Kilt and Cap: being half-Mennonite

Recently, a friend and fellow blogger, Diane Gottlieb, asked me about my Anabaptist background. Diane writes the wonderful blog WomanPause, regarding women in the glorious years. Her questions made me think of a memory I wrote in response to J Daniel Hess’s presentation at one of the previous Mennonite Arts Weekends. The Weekend is coming up again in a few weeks! (February 7-9 in Cincinnati) The memory is one of so many that remind me I do not measure up to the Anabaptist vision.


Kilt and Cap

My dress ballooned around my legs as I climbed onto the speech teacher’s desk and labored up three stacked chairs to the top of the temporary wall. Teetering on the highest chair, I peered over. Ten feet below, my keys sat on the table where I’d left them before pushing the lock button on the door and closing the door behind me. My car and house keys, and the keys to this very room twinkled, just out of reach.

I thought I might make it.  

The prayer cap, filmy white and crisp with propriety whispered a warning into my right ear. ‘Plump, middle-aged teachers don’t jump into locked rooms to get their keys.’  

“Not even so they can keep working until the sun sinks?” I replied. “I’m trying to be good, you know.” The cap disappeared, its ribbons flicking back like a tsk.

I was used to this kind of interference. The marriage of my parents—a sober Swiss Mennonite and an irreverent Scot—had brought forth two imps. Each inhabited a shoulder: one imp was represented by a white prayer cap and the other by a rough sewn kilt. One minute I would listen to the peacemaker, the next to a screeching warrior skinning a glen of its heather in a rush to battle. It could be quite tiring.    

The time was 5:30 p.m. and I had to get home to grade papers, make calls to the parents of shaky students, cook dinner, plan the next day’s events, and maybe get to watch a show by 10:00 p.m. Thank goodness for “Law and Order” reruns. The bad people rarely won; it was relaxing for this Mennonite to watch.

In the distance, I heard workmen slice up yet another section of the school. The air conditioning had pooped out when the first jagged-toothed saw neared an electrical line. For three weeks, my kids with learning disabilities and I had sweltered in our fifteen-by-eight foot cell. The cell was sandwiched in the middle of two other tiny rooms: one for the psychologist, the other for the speech teacher. Up here on the wall I could hear the imagined giggles of students and smell the accumulation of old sweat, theirs and mine.    

‘Eiye, dearie,’ brogued the kilt into my left ear. The kilt gave me a sharp nudge. ‘Whatcha waitin’ for, love?’ I wasn’t scared of my kilt. I’d taken it’s dares since childhood: swinging high and fast on the monkey bars above the playground until even the boys begged me to stop; skipping on the lip of a bridge over the town’s swollen creek. Much later on trips with my husband, I might run to the edge of Southwestern bluffs peering over the sides into jagged wastelands; and I’d insist on the cliff walking appointment or the two seater flying lesson.  My husband, a master of courage with all the problems people could cause, would blanch and roll his eyes. I loved him, but I wasn’t going to stop. I could take only so much of the cap with its precision, its prudence.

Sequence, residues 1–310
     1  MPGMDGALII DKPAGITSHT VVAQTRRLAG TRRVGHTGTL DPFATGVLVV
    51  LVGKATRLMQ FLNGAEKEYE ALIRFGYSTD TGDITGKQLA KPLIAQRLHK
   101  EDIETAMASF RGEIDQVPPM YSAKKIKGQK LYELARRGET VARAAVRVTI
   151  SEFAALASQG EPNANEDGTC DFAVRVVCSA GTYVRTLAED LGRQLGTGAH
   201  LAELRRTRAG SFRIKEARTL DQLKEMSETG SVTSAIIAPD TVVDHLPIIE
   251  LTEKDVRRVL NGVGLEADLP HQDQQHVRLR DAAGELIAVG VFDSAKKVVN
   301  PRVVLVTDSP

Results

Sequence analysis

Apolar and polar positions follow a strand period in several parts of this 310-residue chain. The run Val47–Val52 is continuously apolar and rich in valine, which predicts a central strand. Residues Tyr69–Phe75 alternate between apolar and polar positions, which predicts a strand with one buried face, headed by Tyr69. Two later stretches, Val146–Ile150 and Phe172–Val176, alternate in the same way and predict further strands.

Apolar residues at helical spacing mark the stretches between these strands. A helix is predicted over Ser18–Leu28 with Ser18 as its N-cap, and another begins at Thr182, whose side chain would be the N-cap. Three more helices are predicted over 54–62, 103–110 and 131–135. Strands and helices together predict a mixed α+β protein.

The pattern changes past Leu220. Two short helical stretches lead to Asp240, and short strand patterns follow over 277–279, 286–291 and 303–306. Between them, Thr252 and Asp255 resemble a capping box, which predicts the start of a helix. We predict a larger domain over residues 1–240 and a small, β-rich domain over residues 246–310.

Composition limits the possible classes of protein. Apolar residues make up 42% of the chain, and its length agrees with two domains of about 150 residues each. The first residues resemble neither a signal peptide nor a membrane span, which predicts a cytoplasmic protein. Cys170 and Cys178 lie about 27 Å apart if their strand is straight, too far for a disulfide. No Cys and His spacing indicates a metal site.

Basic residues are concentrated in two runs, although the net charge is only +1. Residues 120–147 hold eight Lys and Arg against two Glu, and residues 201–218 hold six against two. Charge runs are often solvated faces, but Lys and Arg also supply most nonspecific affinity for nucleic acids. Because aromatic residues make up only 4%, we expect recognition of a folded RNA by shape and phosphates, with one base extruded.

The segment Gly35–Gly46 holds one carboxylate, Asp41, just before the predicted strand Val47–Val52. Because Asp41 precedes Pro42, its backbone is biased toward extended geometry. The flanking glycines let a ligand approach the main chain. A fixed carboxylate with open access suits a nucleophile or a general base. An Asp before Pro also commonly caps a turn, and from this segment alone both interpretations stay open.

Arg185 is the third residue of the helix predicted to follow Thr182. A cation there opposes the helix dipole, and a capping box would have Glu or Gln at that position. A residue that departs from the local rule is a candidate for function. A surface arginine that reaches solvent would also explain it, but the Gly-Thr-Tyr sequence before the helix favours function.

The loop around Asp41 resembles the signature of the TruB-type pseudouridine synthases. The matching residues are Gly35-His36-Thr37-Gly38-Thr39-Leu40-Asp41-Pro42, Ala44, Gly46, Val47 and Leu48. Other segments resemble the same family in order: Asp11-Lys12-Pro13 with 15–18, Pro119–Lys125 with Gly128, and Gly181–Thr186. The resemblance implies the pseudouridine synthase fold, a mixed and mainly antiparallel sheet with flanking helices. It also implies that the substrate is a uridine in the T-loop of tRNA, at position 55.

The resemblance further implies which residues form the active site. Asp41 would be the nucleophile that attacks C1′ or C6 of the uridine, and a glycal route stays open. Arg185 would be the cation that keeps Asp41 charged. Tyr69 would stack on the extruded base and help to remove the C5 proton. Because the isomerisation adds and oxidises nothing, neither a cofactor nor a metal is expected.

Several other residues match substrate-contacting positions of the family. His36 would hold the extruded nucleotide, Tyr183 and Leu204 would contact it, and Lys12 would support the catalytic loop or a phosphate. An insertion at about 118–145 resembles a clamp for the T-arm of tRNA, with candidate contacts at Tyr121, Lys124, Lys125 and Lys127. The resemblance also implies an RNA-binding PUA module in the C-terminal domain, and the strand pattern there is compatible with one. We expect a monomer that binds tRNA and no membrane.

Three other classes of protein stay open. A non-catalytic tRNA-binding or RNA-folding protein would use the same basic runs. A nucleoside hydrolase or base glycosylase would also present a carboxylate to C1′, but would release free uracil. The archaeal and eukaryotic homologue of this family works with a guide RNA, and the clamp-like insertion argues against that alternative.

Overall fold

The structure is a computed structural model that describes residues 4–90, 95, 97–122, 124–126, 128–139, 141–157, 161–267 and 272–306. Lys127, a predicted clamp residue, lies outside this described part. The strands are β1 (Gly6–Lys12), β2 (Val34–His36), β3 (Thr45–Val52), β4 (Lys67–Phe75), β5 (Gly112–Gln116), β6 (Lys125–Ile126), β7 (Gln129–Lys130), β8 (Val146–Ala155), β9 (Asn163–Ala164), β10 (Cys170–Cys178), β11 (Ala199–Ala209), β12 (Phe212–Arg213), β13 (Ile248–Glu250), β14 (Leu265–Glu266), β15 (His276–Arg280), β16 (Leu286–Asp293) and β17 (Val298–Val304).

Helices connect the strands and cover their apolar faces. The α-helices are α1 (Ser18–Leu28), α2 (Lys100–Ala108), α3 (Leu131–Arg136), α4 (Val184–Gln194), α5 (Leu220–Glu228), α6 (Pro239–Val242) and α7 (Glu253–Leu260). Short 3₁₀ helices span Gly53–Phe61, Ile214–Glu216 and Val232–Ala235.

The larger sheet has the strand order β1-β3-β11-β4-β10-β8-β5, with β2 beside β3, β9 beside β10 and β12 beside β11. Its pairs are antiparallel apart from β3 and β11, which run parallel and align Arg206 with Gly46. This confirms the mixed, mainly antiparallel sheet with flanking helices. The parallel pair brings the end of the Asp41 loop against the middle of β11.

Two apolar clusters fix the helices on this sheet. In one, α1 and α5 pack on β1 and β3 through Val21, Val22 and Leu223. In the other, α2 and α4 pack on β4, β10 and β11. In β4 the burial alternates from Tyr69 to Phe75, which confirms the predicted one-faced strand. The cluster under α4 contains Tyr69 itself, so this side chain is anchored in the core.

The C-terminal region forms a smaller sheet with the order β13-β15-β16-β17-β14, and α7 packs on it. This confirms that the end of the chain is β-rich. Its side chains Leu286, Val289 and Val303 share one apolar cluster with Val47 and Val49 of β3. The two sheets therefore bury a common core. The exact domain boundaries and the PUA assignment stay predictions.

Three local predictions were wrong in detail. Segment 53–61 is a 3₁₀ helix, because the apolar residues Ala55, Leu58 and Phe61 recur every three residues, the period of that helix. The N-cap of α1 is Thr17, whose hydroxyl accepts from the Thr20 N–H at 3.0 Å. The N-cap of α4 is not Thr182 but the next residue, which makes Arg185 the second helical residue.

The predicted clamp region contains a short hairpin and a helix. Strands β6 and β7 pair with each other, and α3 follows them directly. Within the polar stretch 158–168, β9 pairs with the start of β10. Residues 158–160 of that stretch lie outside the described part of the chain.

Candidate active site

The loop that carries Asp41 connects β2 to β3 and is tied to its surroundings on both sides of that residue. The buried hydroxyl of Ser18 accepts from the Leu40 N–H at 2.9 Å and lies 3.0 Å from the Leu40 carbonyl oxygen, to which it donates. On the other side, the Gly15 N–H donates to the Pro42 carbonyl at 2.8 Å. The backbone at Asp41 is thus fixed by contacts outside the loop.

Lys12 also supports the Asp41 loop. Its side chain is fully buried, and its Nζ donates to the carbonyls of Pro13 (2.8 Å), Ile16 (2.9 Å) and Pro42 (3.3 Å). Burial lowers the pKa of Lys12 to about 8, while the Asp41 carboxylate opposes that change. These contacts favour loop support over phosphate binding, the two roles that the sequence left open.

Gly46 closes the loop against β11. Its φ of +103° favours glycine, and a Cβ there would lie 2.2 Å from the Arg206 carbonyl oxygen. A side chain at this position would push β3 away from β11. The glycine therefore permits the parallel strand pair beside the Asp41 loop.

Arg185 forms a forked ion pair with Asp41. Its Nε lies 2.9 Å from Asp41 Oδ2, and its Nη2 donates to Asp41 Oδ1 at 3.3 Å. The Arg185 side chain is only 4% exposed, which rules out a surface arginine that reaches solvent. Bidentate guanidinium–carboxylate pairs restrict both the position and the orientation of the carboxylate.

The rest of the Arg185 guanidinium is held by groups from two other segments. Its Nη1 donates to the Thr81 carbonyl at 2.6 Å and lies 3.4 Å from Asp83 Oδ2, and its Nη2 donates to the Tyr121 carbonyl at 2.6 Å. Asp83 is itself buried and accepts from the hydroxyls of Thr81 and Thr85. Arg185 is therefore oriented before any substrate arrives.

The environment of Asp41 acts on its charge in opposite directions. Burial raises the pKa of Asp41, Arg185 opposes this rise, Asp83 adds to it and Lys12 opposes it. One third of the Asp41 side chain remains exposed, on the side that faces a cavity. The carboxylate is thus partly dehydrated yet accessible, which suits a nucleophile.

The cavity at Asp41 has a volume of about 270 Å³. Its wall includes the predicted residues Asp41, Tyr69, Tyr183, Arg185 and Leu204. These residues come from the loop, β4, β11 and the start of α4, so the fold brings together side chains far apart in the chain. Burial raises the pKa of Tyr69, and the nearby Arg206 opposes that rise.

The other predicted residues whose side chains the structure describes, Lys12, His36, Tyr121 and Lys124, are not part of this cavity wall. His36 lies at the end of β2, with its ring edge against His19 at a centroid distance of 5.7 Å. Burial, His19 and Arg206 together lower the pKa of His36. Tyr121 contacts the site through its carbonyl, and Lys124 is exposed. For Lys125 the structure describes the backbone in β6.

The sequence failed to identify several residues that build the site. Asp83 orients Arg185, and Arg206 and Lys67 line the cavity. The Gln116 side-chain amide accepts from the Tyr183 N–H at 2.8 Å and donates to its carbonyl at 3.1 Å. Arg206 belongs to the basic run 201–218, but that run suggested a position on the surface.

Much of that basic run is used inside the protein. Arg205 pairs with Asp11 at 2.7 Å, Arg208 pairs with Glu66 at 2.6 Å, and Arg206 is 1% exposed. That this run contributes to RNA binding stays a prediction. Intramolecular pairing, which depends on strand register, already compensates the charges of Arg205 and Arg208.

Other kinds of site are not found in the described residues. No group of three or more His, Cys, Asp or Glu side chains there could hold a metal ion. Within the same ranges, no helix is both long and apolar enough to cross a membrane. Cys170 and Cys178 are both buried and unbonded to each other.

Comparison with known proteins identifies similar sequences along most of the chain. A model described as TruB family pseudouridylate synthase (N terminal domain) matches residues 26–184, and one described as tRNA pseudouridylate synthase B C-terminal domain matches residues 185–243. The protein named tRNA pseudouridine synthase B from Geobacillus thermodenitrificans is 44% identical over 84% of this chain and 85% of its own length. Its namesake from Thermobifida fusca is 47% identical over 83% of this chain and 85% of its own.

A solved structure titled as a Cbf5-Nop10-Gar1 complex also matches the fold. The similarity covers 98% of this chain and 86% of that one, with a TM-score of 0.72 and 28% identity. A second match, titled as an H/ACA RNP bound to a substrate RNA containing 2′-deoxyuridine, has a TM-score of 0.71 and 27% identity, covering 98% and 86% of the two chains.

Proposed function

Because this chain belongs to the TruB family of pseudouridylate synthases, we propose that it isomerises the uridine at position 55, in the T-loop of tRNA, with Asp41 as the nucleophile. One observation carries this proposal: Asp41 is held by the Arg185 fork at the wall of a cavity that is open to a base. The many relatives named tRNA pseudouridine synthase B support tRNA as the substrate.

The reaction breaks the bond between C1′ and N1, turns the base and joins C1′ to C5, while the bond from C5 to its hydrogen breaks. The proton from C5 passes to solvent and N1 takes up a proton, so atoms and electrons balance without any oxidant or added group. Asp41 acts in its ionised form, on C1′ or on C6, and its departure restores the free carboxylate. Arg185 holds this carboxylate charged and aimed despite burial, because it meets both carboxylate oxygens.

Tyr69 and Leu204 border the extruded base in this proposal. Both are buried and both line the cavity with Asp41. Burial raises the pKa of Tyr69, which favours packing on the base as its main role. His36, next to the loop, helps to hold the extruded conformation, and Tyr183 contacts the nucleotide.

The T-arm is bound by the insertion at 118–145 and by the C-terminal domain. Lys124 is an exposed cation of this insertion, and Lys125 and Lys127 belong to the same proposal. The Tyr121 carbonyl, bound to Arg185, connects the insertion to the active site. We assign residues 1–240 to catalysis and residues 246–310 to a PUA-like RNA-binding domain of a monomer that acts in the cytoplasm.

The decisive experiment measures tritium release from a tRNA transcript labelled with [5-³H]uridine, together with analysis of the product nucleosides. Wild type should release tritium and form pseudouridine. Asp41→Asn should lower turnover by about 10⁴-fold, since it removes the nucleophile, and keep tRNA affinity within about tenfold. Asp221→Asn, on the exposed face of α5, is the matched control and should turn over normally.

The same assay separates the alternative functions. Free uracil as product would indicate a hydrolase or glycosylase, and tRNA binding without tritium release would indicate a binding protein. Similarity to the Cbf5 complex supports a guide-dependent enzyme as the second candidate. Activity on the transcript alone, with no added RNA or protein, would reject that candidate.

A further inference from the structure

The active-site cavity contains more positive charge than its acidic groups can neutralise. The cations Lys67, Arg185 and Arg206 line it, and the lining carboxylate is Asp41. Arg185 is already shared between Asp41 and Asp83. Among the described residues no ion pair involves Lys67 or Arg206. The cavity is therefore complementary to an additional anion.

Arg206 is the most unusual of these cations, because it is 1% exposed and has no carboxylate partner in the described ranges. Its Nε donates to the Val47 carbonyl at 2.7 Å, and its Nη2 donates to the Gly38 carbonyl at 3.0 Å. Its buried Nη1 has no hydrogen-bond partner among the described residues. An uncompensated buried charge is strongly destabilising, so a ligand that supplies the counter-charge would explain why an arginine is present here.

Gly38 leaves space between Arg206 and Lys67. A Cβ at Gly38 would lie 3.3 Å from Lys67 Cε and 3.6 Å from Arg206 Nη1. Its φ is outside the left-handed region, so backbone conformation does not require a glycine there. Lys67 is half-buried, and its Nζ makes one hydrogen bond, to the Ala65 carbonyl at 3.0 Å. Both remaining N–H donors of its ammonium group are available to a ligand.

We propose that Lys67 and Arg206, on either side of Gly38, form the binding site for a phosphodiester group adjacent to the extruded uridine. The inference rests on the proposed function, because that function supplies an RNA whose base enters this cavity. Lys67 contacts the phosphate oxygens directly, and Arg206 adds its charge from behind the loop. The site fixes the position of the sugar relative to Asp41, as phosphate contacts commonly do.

The bagpipes whined, and the kilt twitched its hem and grinned. Distant forests of blue-faced fighters and hidden man-eating clans painted themselves across my canvass. I grasped the skeletal struts of the torn ceiling. ‘Let us pray,’ murmured the prayer covering as a tri-metered tune by Alice Walker poured forth from an a cappella choir. ‘Bugger it,’ said the kilt, and I jumped.

Halfway down I knew I was cooked: nay, sliced, diced, filleted, and fried. The second I’d jumped, the struts squealed and broke from my weight. Steel ripped from aluminum. By swinging my legs out in front of me to prevent cracking my feet on the wall, I’d created a perfect diving position for a back flip: the position at the start of the flip in which the contestant is sitting in the air as if in an easy chair with her legs straight out front. I dropped ten feet and hit bottom. Then, as if swinging from a rusty, broken hinge, my top haIf fell back, and I flopped on the floor like a fish in dry air.  

Gradually, I could hear the spin of saws and the indifferent calls of workmen. Air rushed into my lungs. I’m hurt, I said. No one answered. I rolled onto my side, gasped at the sharp pull in my back, and crawled over to the desk where my keys winked innocently. Purse and briefcase found their way into one hand. Without knowing if my skeleton still joined the muscles of my body, I used a large book, a rickety chair, a round table and the makeshift wall to rise. Dizzy but determined, I turned the door’s inside knob and watched ruefully as the lock popped open. The lock’s ‘yes was yes’, and its ‘no was no’, an important lesson we Mennos learned in eighth grade catechism class, when they told us we couldn’t take oaths on the Bible.